I have revisited several articles I have read in the past on this issue and in large part inform a good bit of the the post below. Two of the articles arguments I use are Dr Francis Beckwith work here , and this chapter by Patrick Lee and Robert George
First, both hypos seem to assume moral obligations are all voluntary. This is a fallacy that also brings back an interesting facet of the gender issue.In reality in cases besides rape something very "voluntary" has of course happened that resulted in a foreseeable result we are dealing with here. However that is not what people advocating this theory mean when say "voluntary".
Let's say a couple despite doing everything they could to prevent a pregnancy has a child. The mother has the child over the objections of the father who wanted her to abort. She now sues for child support. If you want a case of the Court interfering with bodily autonomy child support court is where it happens.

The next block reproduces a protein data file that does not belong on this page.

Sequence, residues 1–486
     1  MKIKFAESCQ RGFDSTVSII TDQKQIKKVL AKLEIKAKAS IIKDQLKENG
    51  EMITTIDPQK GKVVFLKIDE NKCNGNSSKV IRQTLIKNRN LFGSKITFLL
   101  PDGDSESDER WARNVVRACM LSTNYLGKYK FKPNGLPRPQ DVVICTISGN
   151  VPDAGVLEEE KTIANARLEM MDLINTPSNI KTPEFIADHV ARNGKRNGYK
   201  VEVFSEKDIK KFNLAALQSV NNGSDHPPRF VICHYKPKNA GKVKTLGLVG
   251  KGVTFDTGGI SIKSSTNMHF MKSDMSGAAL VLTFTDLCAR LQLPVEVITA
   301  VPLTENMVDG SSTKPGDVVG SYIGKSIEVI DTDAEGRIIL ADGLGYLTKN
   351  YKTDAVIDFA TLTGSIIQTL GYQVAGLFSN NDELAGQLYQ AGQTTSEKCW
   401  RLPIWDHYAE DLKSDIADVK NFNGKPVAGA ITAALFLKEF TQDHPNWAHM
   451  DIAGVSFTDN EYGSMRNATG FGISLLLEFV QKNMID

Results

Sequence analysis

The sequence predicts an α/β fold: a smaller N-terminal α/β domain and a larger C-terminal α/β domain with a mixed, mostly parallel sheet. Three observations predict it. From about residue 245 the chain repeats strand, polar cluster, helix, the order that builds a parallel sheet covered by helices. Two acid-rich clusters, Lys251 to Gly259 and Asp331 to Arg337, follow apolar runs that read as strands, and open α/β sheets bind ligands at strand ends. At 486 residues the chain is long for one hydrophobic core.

The Court will order him to devote a portion of his energy and livelihood and work to taking care of his child. That supervision and control over his "bodily autonomy" will last not just 9 months but very likely 18 years. Don't want get a job TOUGH here is a jail cell tend you put in a tad more effort.
The Father unlike the forced donor organ is not a stranger , but is in a relationship with the child just like the mother. The mother in reality is bringing the Father to court to enforce a relational and natural obligation he has to the child. It matters little if his excuse is the pill did not work or the condom broke and thus not "voluntary".
Second, a good case to be made the child has at the very least a Prima Facie NATURAL RIGHT TO BE IN THE WOMB. The womb is a natural place for a child. Where being hooked up to a machine to save a violinist or restrained to have your organs forcibly removed in not natural.
For more on this see this very good article A Kidney versus the Uterus where she engages a slightly different donor hypo . She says in part :